4. I am sure that your experience in different parts of the world as diplomats or international servants, together with the familiarity that you have acquired of the African scene, has created in you a keen awareness of the major problems that face humanity today - especially the global issues arising from the economic and social disparities that exist in the world community. When I spoke to the Thirty-fourth General Assembly of the United Nations Organization, I was able to draw attention to this fundamental problem when I said: "It is no secret that the abyss separating the minority of the excessively rich from the multitude of the destitute is a very grave symptom in the life of any society. This must also be said with even greater insistence with regard to the abyss separating countries and regions of the earth"[4].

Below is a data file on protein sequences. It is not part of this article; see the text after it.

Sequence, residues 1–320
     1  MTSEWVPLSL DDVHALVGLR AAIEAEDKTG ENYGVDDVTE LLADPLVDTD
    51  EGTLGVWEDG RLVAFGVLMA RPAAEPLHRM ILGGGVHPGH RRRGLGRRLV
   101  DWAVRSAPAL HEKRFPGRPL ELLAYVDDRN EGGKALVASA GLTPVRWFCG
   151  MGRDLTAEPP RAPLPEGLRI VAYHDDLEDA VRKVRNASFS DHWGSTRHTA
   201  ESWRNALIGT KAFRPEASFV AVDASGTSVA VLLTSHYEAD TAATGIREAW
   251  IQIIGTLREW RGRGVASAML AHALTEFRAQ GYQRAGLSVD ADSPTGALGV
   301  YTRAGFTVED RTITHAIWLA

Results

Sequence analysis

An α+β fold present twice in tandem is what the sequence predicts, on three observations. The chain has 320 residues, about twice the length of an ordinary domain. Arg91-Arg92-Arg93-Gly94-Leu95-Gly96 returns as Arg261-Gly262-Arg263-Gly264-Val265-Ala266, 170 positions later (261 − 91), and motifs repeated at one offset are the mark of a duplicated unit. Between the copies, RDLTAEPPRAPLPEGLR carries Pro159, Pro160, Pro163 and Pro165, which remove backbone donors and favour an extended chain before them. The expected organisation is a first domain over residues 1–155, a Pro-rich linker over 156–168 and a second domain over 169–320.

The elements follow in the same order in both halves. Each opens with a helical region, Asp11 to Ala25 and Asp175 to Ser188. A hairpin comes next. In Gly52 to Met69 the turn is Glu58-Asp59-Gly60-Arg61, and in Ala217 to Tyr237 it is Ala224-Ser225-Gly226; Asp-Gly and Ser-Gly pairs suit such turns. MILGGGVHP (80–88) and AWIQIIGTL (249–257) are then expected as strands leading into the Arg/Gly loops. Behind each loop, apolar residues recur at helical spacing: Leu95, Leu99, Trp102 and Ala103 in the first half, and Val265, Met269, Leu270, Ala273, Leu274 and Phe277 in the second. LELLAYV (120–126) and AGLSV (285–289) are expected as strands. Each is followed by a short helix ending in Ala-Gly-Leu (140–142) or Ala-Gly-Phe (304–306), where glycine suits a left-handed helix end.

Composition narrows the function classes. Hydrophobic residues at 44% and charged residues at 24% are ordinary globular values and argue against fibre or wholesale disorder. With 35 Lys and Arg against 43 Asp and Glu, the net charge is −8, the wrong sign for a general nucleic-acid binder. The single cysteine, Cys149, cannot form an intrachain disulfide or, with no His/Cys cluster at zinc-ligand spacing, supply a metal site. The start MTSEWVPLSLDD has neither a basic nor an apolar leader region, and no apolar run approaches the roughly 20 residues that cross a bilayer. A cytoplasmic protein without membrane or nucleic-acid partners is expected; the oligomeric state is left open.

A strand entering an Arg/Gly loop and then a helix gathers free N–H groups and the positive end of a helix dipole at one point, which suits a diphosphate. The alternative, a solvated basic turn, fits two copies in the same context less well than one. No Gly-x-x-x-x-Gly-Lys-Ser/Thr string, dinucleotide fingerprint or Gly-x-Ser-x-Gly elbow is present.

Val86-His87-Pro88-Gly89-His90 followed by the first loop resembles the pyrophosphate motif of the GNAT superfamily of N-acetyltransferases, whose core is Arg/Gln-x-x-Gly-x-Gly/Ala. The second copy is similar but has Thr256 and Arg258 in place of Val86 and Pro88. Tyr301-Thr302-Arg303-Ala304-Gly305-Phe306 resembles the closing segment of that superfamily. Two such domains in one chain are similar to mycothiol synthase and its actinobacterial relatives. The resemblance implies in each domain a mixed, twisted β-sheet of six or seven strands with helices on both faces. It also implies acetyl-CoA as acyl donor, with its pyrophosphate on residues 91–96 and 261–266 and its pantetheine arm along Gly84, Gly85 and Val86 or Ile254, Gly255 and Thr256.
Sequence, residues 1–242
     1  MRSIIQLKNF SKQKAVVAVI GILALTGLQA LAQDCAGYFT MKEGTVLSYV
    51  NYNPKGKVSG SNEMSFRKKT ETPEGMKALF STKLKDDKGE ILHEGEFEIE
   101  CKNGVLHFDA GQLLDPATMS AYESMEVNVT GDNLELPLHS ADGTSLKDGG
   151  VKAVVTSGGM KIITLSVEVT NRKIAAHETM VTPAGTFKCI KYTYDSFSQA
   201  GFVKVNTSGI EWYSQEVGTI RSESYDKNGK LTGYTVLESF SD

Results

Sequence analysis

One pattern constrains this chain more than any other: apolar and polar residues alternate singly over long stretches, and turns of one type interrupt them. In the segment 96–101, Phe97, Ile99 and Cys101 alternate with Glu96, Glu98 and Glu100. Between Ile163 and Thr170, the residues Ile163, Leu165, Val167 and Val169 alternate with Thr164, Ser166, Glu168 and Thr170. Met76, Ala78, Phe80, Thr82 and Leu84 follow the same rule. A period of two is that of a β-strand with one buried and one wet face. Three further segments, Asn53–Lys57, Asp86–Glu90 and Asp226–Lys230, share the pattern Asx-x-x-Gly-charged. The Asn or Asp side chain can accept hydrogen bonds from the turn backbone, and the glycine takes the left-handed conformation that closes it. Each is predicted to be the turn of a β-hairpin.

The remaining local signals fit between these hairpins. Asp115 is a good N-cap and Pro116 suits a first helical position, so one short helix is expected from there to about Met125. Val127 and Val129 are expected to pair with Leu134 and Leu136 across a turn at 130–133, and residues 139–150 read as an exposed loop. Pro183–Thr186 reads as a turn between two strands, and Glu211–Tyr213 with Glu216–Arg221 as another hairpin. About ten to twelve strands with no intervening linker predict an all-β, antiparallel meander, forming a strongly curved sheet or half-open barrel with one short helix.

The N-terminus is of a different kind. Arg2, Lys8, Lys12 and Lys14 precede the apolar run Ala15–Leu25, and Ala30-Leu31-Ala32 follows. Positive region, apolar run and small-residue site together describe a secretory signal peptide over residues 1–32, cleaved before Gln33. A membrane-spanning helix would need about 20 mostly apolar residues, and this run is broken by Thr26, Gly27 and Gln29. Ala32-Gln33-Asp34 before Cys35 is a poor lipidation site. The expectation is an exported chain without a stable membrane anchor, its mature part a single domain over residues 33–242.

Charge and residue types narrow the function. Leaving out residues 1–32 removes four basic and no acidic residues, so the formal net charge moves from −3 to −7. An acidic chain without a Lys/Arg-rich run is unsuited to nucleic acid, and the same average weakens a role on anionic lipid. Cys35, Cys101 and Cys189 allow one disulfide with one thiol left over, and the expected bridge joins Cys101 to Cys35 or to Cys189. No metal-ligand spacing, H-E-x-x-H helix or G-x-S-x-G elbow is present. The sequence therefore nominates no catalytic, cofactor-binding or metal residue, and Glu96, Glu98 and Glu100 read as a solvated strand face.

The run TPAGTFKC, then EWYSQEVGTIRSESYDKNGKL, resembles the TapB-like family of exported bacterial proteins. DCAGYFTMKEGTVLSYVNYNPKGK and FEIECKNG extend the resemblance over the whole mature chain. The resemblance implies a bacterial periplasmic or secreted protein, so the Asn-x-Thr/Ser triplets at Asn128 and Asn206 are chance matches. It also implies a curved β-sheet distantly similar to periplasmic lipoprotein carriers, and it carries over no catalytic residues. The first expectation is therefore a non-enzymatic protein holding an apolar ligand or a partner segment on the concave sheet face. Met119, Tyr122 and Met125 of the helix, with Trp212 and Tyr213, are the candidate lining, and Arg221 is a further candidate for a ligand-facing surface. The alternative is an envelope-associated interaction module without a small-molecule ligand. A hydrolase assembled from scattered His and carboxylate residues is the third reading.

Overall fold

It is a great contradiction of our day and age that these glaring disparities can exist, and that the gap which separates rich and poor countries, or rich and poor continents, is still widening rather than decreasing, at a time when peoples have become more aware than ever before of their interdependence. Is it not a sad fact that the efforts - so worthwhile in themselves - of the international organizations and of the different nations in bilateral and multilateral initiatives have not been able to draw the poorer countries out of the vicious circle of poverty and underdevelopment?